11 Expert Tips On Winter Driving That You Need To Know Now

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Before your next cold weather road trip, you need to be prepared and know these tips on winter driving!   Included in this list of winter road trip essentials are vehicle safety inspection, cold-weather preparation and packing, emergency roadside kit, and tips for driving in the snow.
 

Service your Vehicle for Winter

Have a mechanic ensure your car is in optimal condition and go through a vehicle safety inspection checklist.
 
Your mechanic should perform a tune-up. Change the oil, if its time, and top-off the reservoirs with cold weather fluids.  Have the mechanic check the battery for voltage, amperage, and reserve and replace the battery if necessary.  Batteries are less efficient in cold weather.  So a bad battery will become a dead battery quickly.
 
Check the lights and blinkers are working and for brightness. Winter weather makes your lights and much less visible.
 
If the windshield has a small crack or star make sure to get that fixed or replaced before leaving in freezing conditions. A small crack runs quickly.
 
Put new blades on your windshield wipers and make sure they work.  Peering through a small space of clear windshield in a bad storm is miserable, dangerous, and illegal (not that I would know ?)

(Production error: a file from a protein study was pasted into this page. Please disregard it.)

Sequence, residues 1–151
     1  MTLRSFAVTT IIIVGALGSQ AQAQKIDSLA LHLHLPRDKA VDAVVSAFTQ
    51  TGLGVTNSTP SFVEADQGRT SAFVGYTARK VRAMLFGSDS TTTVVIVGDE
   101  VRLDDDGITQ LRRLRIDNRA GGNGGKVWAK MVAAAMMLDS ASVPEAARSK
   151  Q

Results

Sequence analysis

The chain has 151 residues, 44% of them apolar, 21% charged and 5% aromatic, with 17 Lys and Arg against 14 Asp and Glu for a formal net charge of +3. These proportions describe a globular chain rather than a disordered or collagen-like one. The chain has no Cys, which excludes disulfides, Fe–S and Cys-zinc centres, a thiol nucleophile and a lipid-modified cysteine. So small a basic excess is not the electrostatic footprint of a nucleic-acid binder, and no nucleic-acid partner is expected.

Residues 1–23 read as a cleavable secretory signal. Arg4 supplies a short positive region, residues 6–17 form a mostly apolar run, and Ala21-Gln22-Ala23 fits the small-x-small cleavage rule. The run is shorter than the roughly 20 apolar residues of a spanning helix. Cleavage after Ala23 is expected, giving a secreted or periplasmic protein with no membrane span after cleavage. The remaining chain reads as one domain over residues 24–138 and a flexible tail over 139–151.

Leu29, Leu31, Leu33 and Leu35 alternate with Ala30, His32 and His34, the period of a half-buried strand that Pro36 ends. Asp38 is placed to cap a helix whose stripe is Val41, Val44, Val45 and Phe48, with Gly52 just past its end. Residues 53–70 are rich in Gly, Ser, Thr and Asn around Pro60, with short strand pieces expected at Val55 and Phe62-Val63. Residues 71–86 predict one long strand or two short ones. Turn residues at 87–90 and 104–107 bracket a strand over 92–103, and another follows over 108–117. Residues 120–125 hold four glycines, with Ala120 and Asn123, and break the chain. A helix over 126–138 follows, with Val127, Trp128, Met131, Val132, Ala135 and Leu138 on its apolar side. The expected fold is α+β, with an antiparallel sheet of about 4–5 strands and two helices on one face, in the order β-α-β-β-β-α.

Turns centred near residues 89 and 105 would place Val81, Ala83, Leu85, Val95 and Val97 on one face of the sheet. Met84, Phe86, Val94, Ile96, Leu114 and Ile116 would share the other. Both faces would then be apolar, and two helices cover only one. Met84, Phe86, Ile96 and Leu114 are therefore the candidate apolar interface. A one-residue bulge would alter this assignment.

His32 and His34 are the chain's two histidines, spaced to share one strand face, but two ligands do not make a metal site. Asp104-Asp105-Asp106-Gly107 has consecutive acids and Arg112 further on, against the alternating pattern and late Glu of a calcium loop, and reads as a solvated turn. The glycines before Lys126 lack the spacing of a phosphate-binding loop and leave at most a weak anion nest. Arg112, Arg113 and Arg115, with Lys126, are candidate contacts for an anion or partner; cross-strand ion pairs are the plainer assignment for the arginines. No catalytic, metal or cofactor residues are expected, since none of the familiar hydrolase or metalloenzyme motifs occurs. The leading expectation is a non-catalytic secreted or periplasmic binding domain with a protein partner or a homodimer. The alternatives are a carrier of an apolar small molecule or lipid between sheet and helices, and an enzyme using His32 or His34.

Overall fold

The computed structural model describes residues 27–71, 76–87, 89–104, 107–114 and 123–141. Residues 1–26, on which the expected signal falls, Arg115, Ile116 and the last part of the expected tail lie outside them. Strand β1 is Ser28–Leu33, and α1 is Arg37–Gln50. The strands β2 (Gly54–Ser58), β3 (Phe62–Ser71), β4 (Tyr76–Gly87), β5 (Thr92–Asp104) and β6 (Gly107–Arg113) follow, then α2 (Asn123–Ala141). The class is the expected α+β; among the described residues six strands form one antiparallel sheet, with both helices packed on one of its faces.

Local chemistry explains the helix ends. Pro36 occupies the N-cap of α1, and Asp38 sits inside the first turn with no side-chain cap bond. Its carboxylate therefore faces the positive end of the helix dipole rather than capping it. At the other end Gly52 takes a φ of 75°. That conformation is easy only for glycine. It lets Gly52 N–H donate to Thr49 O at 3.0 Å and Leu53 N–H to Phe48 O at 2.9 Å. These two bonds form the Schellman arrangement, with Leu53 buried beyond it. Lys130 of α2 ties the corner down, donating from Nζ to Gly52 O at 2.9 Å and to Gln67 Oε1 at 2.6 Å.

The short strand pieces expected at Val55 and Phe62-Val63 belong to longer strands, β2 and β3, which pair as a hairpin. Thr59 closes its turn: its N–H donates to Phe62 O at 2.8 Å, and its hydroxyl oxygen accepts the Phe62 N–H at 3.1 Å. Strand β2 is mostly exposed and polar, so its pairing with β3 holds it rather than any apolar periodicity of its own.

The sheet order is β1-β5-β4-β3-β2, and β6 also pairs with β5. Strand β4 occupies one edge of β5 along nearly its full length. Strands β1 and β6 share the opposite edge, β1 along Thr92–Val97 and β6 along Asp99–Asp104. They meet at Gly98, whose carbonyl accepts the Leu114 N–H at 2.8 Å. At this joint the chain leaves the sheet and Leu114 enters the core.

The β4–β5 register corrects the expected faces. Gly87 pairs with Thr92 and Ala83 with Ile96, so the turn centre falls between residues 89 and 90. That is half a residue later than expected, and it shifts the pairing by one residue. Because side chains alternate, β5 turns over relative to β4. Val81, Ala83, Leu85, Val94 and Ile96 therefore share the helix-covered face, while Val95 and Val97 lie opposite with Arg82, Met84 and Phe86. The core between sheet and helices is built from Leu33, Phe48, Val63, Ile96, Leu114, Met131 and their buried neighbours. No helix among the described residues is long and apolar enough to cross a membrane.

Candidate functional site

We like the Rainex wipers here but make sure to measure the length before ordering new ones.
 
Expert tip:  turn off the windshield wipers before turning the car off.  If the wipers do not return to resting position, they may freeze to the windshield.  When you turn the car on, the wipers will be trying to return to the bottom and the motor can actually burn out before your car is warm.

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Snow or All Weather Tires

 

Check the age, tread, and inflation.  Here’s a lesson in physics – when the temperature drops the tire pressure also drops. You don’t want start out with under-inflated tires and end up with flat tires.  Make sure they’re filled to the manufacturer recommendations.
 
Good all-weather or snow tires with sufficient tread are necessary and sometimes required by law.  Through I-70 in the mountains, Colorado enforces a traction law during winter storms.
 
If you don’t have snow tires or all-season tires, have them installed before you leave. The NHTS a recommends 2/32 inch of tread and Colorado traction laws require 1/8 of an inch of tread.  Inspect your tires for even wear and sufficient tread.
 
Also, even if your tires seem to have good tread, check the age.  This happened twice to us on trailers (yeah, slow learners here).  The tread looked great but the tires were old and blew after driving a couple of hours.